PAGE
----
As the Craigewan Links at Peterhead Golf Club comes into sight, so too does the path to reach it.
There aren’t many clubs where you find yourself crossing a footbridge to reach the clubhouse but Peterhead is one such place. For many years after this club was first formed, the only access to the golf course was by ferryboat across the River Ugie, operated by the club. Walking is enough for us today, thankfully, and we reach a modern clubhouse which gives the impression Peterhead Golf Club is relatively new. And yet it is, in fact, the 18th oldest golf club in the world with a rich history peppered with land feuds, alleged fire insurance claims, re-built clubhouses and two foot bridges.
The history of the place certainly brings it to life. The crossing over the river caused issues as far back as 1894 when a row between the golf club and the man who owned the land on the town side of the river threatened the existence of the club. A Colonel Ferguson claimed he and not the club, should control the ferry and the dispute prompted the colonel to plough up one of the greens on the golf course before peace was reached and calm restored.
The early days were certainly eventful with the clubhouse also having burned down in the 1890s and the course extended to 18 holes in 1908. And yet what has been left behind is unquestionably enriched by its eventful past.
It’s an historic piece of land, which has had multiple uses over the years, from cattle and sheep grazing to doubling as an artillery range, which in turn led to a new hole being built to ‘avoid inconvenience and danger when volunteers were shooting targets’ – there is no mention as to what the targets were! Some traditions have remained such as the annual presentation of the Gold Medal which dates back to 1841 and is inscribed as having been presented by the ladies of Peterhead.
The club’s history has also shaped its membership numbers which resembles a heart beat monitor of peaks and troughs. The locals will tell you the course condition seems to follow the trend of the membership – which makes perfect sense as money is either tight or in full flow.
Peterhead Golf Club was one of those courses that was enjoyable to play, even if it lacked the sharpness and challenge of some of its neighbouring courses. Not quite as isolated as the lone footbridge would lead you to believe, there was a faint hum of traffic present for the first few holes.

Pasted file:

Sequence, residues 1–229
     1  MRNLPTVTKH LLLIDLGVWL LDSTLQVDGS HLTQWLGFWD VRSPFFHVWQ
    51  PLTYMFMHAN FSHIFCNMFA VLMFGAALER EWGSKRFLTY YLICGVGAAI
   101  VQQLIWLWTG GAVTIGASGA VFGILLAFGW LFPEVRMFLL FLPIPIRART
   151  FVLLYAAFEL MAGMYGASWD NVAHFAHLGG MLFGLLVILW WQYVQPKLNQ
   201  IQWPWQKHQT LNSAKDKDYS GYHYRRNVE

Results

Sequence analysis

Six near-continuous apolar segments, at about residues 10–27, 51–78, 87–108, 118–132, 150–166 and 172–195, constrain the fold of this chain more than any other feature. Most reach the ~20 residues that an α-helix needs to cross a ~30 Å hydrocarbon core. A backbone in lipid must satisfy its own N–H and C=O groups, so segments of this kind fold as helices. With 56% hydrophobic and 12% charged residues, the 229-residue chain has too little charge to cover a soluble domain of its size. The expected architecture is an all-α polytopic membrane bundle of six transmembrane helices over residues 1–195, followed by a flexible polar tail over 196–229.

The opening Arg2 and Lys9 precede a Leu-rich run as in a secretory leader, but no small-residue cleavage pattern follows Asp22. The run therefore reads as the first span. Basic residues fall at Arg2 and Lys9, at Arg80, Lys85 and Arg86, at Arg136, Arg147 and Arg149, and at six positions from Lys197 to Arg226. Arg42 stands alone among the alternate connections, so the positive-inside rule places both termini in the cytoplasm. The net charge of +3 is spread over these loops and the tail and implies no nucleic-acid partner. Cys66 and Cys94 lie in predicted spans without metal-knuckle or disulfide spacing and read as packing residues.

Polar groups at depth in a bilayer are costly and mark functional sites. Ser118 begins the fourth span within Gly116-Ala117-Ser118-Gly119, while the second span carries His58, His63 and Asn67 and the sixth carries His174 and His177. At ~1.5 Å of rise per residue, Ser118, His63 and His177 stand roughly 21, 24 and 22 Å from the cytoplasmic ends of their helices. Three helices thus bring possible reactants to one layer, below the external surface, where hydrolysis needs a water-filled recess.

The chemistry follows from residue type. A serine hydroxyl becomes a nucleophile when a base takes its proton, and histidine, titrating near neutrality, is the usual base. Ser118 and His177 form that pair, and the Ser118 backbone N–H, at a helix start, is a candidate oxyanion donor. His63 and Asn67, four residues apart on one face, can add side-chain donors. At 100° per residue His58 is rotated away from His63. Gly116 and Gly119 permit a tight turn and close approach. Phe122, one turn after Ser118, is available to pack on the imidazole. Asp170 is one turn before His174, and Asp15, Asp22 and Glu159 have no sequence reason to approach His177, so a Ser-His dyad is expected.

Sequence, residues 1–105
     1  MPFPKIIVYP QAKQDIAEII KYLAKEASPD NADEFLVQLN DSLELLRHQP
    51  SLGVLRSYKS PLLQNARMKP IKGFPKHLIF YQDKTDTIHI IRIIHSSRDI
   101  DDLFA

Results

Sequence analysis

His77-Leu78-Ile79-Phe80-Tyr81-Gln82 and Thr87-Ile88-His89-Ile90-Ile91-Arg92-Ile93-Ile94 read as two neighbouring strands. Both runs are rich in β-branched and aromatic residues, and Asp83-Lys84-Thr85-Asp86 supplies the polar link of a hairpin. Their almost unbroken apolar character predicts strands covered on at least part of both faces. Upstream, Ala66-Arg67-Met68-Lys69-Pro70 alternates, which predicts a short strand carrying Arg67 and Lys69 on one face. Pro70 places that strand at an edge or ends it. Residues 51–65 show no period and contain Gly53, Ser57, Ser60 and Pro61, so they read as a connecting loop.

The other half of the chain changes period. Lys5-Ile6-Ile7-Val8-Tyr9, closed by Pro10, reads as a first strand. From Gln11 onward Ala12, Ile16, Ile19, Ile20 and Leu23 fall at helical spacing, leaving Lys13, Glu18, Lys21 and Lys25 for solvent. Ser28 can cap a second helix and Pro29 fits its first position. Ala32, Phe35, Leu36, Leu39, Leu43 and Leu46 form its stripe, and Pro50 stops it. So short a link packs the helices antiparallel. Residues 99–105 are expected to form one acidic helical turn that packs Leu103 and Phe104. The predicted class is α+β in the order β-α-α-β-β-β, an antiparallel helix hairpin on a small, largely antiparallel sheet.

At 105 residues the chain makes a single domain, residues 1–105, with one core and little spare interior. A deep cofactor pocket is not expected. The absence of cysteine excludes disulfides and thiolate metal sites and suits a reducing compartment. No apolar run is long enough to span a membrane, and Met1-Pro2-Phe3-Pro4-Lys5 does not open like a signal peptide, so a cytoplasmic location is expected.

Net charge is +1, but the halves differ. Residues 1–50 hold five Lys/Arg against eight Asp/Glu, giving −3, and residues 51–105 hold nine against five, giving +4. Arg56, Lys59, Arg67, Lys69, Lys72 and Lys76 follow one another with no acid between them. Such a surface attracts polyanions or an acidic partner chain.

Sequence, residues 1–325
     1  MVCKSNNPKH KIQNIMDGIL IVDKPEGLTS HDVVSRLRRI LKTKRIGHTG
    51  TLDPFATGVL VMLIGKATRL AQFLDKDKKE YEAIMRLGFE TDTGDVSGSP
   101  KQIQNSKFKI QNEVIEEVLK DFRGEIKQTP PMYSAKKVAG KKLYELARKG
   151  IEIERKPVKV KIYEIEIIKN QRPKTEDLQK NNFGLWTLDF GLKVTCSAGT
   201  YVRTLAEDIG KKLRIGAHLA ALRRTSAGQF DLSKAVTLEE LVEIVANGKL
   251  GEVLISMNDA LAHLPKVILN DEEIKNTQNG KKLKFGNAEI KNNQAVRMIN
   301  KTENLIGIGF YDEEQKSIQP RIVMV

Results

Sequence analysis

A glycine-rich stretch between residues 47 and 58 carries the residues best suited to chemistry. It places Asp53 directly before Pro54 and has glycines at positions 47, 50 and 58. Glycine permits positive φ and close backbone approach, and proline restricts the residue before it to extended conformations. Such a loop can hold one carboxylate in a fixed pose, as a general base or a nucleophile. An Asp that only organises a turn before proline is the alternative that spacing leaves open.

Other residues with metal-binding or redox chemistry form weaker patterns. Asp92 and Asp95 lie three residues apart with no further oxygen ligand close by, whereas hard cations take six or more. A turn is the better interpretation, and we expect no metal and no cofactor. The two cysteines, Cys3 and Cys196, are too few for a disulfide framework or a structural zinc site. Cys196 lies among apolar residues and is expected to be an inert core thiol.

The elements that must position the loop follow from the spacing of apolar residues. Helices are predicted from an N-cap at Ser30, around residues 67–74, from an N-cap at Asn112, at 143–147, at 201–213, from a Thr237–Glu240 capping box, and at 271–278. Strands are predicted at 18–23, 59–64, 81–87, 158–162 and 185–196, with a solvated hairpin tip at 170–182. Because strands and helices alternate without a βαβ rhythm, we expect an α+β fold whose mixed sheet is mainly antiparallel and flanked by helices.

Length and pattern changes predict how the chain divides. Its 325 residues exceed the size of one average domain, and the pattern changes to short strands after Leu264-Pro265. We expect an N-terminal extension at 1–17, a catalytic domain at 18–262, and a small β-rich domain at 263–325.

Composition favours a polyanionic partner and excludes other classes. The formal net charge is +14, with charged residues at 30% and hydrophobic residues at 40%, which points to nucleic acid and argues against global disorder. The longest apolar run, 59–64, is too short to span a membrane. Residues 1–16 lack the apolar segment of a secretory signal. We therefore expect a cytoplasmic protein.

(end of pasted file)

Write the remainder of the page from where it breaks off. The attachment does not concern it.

The breeze which greeted us as we climbed the second, a par-3, was welcome on a warm, sunny day, but we could imagine it might not be so welcome on a winters day when shelter would be sought for a different reason. From the 4th tee, the landscape seems to change, taking on a more rugged links feel with the vast North Sea now in full view. Throughout our round, nature’s magic came to the fore with natural hollows adding more depth to the course and certainly adding to the sense that Peterhead Old Course owes little to man’s heavy handed work in its creation.
We played in the heat of the Scottish sun, which somehow felt like Death Valley as we snaked our way between the hillocks and out of the wind from the 9th on. While not a flat or uninspiring links course, the dunes were far from towering but certainly enough to provide a test. The greens were subtly shaped and not overly large in size made – made for target golf. And the bunkers delivered that fine spray of sand to the face as the ball rose cleanly out of the hazard. Sand clad and thinking of times as a child being given jam sandwiches on the beach – jam sandwiches with a dash of sand, of course.
The 17th, a short par-4 was as good as any hole with a blind tee shot testing our nerve. Despite the bare patches on the summer burnt fairways, the ball did react favourably – in the main anyway!
Our experience of playing Peterhead Golf Club was unquestionably enhanced by understanding its back story and appreciating its current journey in its next steps of its evolution. Peterhead is a survivor and with good reason. It might not carry the big name or reputation of its near neighbours but it certainly commands a place in golfing history.
*To watch a video of Sarah’s visit to Peterhead click here.